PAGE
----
Making Medical Marijuana Medical

Note, this op-ed was originally published in Westword on April 23rd, 2018.

The woman who was administering marijuana to her son daily desperately needed me to know that she wasn’t a hippie. She had no prior relationship with marijuana. But after she had exhausted all other forms of medication to treat her son’s seizures, she decided to try medical marijuana. She saw her son go through his first day in years without a seizure. She moved to Colorado within the month.

I was Governor Hickenlooper’s Director of Marijuana Coordination at the time. The woman was in my office because she wanted access to our certified testing labs in order to test the marijuana she was administering to her child.

She was not a faithful believer in the healing power of marijuana. She did not want to be making decisions about her son’s health based on anecdotes from marijuana growers and internet message boards. She wanted data, research, studies. And we, the government, had failed her.

The medical marijuana movement is a stunning rejection of American technocracy and representative government. Where our leaders and government-led scientific institutions have declared unequivocally that there is no accepted medical use for marijuana, voters across the country have disagreed so fervently that they decided to ignore government and doctor’s orders and declare it a medicine anyway.

Medical marijuana has been around since 1996. In the intervening 22 years, the federal government has stubbornly stuck to its position: there is no accepted medical use for this drug. They have labeled marijuana a Schedule 1 Drug a classification that means that potential for abuse is extremely high, and there is no medical use. Other Schedule 1 Drugs include heroin, LSD, and Cocaine. Meanwhile, Schedule 2 Drugs, also seen as very dangerous but have an accepted medical use, includes opium and morphine. The impact of the Schedule 1 classification is that labs across America have had essentially no ability to research marijuana while millions of people are using it to medicate themselves or their children.

During the Obama administration, the Drug Enforcement Agency decided marijuana should remain a Schedule 1 Drug since the Food and Drug Administration had not approved any medical uses to date. Never mind the fact that the reason there has not been FDA approved studies on the medicinal uses of marijuana is because such studies are largely prohibited because of its Schedule 1 classification. If that sentence looks like government double speak to you, that’s because it is.

Now the FDA is asking for public input again. They are preparing a recommendation to be submitted to the World Health Organization as the WHO reevaluates its current classification.

I was amongst the thousands of individuals and organizations who submitted my input. I did so with Dr. Jerry Bryant, the Chief Scientific Officer for Vyripharm, a biopharmaceutical devoted to bringing scientific rigor and quality control to the use of marijuana as a medicine.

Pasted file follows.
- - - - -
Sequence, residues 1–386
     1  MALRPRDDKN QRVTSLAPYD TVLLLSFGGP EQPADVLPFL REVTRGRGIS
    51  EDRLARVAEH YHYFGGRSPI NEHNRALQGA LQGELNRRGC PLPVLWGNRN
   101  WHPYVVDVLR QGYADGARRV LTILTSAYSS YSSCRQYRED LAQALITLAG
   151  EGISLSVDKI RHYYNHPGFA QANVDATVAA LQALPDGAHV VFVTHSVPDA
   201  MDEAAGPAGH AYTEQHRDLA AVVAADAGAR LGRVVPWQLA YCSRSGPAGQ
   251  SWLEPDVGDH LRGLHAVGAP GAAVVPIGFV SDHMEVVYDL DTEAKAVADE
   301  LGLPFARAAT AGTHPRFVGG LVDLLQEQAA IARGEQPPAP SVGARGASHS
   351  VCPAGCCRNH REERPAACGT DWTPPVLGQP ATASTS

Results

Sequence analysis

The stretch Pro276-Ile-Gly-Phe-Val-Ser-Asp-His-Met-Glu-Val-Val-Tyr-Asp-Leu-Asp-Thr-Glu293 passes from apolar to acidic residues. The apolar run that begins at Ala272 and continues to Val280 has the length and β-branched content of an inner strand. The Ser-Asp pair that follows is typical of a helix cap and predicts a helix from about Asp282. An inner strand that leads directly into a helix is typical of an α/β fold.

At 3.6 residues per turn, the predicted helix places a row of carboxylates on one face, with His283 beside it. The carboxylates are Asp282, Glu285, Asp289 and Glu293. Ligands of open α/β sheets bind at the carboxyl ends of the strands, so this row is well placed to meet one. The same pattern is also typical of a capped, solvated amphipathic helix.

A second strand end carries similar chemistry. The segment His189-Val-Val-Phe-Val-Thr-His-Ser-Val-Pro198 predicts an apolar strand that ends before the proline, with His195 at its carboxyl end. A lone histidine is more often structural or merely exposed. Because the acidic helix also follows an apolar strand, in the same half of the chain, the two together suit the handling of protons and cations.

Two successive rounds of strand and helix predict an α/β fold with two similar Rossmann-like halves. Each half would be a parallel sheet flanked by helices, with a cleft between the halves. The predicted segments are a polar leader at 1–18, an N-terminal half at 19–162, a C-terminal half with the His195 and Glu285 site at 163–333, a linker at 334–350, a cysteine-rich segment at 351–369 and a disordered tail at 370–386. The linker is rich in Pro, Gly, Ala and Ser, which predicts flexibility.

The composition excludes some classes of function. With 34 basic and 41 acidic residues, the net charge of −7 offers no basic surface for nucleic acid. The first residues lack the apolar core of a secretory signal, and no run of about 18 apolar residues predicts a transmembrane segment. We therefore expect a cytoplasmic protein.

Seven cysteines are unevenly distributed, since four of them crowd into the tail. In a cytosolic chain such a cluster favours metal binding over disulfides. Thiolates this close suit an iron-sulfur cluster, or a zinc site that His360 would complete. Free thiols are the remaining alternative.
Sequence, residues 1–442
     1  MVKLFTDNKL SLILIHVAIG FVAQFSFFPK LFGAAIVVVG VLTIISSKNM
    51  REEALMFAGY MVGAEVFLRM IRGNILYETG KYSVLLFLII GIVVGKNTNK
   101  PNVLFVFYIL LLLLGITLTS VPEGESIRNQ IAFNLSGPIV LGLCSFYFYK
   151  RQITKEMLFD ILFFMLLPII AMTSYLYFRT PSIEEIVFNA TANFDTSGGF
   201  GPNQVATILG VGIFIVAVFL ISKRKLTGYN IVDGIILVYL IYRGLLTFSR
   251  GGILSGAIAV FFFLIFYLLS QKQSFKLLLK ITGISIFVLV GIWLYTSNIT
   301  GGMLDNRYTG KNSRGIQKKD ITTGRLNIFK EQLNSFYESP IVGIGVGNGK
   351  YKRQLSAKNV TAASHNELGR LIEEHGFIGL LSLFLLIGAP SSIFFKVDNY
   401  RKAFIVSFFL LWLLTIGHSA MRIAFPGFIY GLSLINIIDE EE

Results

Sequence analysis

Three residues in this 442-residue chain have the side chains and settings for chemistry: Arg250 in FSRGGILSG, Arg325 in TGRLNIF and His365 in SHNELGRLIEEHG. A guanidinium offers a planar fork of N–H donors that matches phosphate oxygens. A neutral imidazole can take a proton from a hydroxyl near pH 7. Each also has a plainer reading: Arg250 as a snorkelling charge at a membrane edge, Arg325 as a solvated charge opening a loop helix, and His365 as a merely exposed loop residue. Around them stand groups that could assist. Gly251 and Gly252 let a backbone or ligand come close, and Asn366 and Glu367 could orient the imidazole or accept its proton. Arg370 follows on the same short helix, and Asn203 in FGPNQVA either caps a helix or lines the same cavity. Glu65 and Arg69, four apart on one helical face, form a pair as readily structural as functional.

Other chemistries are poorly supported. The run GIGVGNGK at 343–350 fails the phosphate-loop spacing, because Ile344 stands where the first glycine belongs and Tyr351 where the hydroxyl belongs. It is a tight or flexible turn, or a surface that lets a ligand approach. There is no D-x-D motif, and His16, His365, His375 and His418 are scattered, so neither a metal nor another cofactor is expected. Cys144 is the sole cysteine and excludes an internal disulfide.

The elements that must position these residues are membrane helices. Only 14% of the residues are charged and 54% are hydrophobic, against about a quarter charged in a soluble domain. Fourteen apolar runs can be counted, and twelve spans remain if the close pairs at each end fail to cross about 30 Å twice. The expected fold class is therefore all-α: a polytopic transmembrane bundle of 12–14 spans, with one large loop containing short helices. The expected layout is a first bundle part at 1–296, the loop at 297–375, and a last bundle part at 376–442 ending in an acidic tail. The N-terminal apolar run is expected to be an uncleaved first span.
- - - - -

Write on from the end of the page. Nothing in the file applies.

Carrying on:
The letter was not intended to promote Vyripharm. There are other biopharmaceutical companies with technologies that will prove very useful in this area. We presented a quick overview of two of Vyripharm’s products only to help us demonstrate the value rescheduling would have on promoting public health and public safety.

Vyripharm has two technologies I desperately want available to the mother who has to administer marijuana to her child. First, a molecular imaging agent that bonds to cannabinoids and measures the effectiveness of the drug in real time. This solves the problem of diagnosis and therapeutic dosing errors by providing molecular diagnostic and personalized targeted therapy for patients suffering from neurological disorders and cancers. Second, a fully comprehensive block-chain botanical testing and evaluation platform that would ensure that the marijuana delivered to the patient met pharmaceutical grade standards.

Even with the severely restricted ability to research the medicinal uses of marijuana, the research Vyripharm has completed to date has yielded positive initial results in the use of cannabinoids in applications for neurologic disorders including, but not limited to, post-traumatic stress disorder (“PTSD”) epilepsy, metabolic disorders, and cancers. The scientific community has begun to accept this research as valid. Vyripharm has already been accepted to present their findings at nine highly respected scientific conferences.

It is simply time for the federal government to acknowledge that marijuana has medical uses. It should be enough that most of America has declared that marijuana can be medical. But if that isn’t scientific enough, research coming from biopharmaceuticals such as Vyripharm have proven that there are medical applications for marijuana.

I am concerned that as states take on more liberal laws, and as people start to view marijuana more favorably, there is not enough research being conducted to determine both positive medical uses and negative health consequences. Without this research, individuals and states are making decisions based on anecdotal evidence alone. I believe that a shift in federal policy to allow for responsible research will significantly aid public well-being. Additionally, if done correctly, better controlling the medical marijuana supply chain will lead to significantly less diversion.

I understand the frustration of the mother across the table. I need you to know I am not a hippie or fanatical believer in the healing power of marijuana. But it is far past time to research medical marijuana.

Andrew Freedman is the former Director of Marijuana Coordination for the state of Colorado; and a principal at the consulting firm, Freedman & Koski, Inc.

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